Similar to identity theft, this type of fraud happens when an unauthorized individual gain access through online banking applications, capturing the account information to create and write bad checks.
An adverse action notice is a document sent to a loan applicant stating a bank’s rationale for denying a loan. It may also contain a counteroffer, such as a lesser amount or a request for an approved co-borrower.
The term “aging exceptions” refers to a group of critical exceptions that have not been resolved within a reasonable amount of time.
Altered check fraud occurs when a fraudster changes the amounts and Payee from a stolen check.
Audit and exam prep is a process that financial institutions go through in order to adequately prepare for upcoming audits and exams.
An authorized signer form is a document that allows an account holder to grant a range of clearance levels to individuals to perform certain functions within a bank account.

What is an Adverse Action Notice in Banking?

An adverse action notice is a document sent to a loan applicant stating a bank or credit union’s rationale for denying a loan. It may also contain a counteroffer, such as a lesser amount or a request for an approved co-borrower.

The notice usually includes:

  • Adverse action taken
  • Original amount requested
  • Loan type – Auto loan, commercial loan, et cetera
  • Reason for adverse action – Financial institutions customarily cite up to four. Example reasons may include a low credit score, insufficient income or collateral, or a recent bankruptcy. A bank or credit union may also conclude that it does not have the proper information to offer a loan.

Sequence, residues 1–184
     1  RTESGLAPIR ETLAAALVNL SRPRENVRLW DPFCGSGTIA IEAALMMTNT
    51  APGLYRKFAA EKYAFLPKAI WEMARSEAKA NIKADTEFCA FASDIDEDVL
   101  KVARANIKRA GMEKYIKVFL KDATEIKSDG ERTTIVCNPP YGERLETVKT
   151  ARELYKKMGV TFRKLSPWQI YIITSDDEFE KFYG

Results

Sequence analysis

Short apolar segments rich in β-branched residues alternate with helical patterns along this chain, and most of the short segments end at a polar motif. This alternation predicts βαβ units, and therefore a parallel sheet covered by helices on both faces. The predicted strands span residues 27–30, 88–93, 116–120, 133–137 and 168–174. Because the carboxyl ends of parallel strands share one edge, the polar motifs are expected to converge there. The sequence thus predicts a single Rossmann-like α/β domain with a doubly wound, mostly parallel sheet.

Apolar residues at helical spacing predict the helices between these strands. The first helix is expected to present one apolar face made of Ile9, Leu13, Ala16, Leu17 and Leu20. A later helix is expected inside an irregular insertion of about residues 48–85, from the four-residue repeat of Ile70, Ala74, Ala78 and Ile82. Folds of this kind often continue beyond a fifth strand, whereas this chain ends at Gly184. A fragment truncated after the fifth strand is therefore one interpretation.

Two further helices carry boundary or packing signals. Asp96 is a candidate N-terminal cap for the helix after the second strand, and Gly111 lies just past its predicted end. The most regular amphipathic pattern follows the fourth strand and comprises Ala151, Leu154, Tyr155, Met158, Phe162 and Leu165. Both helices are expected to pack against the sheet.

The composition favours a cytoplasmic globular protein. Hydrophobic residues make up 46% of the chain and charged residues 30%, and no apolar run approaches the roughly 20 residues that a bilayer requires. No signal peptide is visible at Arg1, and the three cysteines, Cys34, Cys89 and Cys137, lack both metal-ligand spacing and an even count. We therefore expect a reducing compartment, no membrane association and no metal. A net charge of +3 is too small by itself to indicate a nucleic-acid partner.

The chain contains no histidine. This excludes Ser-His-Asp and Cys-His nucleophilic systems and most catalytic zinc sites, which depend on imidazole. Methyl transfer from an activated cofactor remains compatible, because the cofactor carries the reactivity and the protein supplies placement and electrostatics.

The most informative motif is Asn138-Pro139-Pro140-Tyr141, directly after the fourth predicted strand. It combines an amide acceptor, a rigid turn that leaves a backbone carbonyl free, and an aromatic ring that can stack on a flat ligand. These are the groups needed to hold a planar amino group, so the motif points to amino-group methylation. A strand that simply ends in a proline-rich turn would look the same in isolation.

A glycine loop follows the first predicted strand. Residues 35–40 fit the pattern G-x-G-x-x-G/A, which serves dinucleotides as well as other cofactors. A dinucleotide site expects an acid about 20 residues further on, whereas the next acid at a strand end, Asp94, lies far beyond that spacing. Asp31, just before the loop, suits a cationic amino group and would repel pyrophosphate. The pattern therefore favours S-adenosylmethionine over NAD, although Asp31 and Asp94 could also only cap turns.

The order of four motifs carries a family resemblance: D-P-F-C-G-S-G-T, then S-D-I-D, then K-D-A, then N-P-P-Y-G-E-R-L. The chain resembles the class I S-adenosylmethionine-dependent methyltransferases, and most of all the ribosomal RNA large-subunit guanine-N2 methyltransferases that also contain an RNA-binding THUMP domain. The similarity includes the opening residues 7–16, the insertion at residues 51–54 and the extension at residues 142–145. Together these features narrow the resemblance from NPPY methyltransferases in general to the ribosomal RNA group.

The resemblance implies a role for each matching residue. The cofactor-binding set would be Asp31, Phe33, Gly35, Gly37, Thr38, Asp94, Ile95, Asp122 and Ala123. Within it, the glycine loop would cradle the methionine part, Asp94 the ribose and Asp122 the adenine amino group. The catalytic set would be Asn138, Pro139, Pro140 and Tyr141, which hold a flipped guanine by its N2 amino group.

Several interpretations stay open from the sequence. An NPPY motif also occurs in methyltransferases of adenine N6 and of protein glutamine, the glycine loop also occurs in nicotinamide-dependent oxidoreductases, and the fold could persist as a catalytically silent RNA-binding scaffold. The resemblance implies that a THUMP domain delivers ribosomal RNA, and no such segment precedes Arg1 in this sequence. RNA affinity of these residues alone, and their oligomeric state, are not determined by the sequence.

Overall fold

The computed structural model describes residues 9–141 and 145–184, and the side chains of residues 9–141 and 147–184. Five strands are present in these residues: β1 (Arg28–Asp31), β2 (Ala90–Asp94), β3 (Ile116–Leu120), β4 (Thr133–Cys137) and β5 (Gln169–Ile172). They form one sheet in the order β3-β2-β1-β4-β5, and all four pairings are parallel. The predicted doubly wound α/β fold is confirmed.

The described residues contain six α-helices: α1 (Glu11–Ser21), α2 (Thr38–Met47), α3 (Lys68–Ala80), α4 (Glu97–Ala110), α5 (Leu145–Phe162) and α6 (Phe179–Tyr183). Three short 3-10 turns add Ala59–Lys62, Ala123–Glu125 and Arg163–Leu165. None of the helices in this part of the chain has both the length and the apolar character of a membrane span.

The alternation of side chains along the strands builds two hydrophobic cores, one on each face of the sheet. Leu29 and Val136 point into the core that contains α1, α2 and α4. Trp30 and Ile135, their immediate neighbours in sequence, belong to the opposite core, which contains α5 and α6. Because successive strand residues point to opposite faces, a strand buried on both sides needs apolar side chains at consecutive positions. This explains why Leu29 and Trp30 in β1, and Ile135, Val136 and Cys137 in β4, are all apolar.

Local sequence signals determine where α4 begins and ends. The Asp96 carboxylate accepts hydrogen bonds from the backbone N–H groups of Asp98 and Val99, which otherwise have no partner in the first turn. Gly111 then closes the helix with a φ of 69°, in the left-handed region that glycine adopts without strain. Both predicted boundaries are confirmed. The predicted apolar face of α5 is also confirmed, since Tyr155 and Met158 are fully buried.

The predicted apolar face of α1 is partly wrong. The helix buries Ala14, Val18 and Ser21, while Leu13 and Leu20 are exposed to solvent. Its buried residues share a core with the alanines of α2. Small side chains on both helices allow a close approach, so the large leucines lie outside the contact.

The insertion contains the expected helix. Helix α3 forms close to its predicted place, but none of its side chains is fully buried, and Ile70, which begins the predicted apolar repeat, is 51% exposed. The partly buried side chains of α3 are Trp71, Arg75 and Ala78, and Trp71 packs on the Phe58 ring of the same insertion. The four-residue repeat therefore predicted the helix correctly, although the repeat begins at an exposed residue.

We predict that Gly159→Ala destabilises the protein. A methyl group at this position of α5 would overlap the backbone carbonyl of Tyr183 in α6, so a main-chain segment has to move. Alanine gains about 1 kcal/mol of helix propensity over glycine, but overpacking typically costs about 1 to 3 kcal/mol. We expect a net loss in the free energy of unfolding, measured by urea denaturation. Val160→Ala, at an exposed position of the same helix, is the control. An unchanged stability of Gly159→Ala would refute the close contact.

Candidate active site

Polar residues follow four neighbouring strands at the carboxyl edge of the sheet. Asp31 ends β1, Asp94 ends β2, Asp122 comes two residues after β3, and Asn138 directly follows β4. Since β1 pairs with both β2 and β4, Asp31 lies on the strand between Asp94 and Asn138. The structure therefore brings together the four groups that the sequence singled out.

• Credit agency used for credit report (if generated)

Additionally, adverse action documents are sent to existing account holders when a financial institution makes the decision to reduce or close an active line of credit.

Informing Applicants of Adverse Action

Banks and credit unions have a set period to either approve or deny a loan application. In general, financial institutions develop and use a standard form for communicating the adverse action to the applicant (or current borrower). A loan officer simply chooses the adverse action type and the appropriate reasons from a list. Alternatively, some banks and credit unions opt for a letter instead of a form. In either case, one copy is then sent to the applicant/customer or member, and another is stored by the institution.

Retaining Adverse Action Notices

Financial institutions must keep adverse action documentation in accordance with their document retention policies. Examiners often ask to look at the best loans that were denied by the bank or credit union and the worst loans that it approved. This is done to assess both compliance and fair lending practices. Adverse action notices can be stored either physically or electronically.

With a digital loan approval system, such as our AccuApproval product, adverse action notices can be scanned in and shared internally, saving both physical space and examination prep time. Users can also opt for denied loan applications to receive a second review before the determination window expires. Such an approach helps banks and credit unions streamline the management of adverse action notices and, in many cases, elevate compliance.

Loan Management Resources

For more information about lending and loan management, be sure to check out our extensive Innovation Hub with free spreadsheets, whitepapers, and eBooks.

You can also browse our banking definitions page for more terminology.

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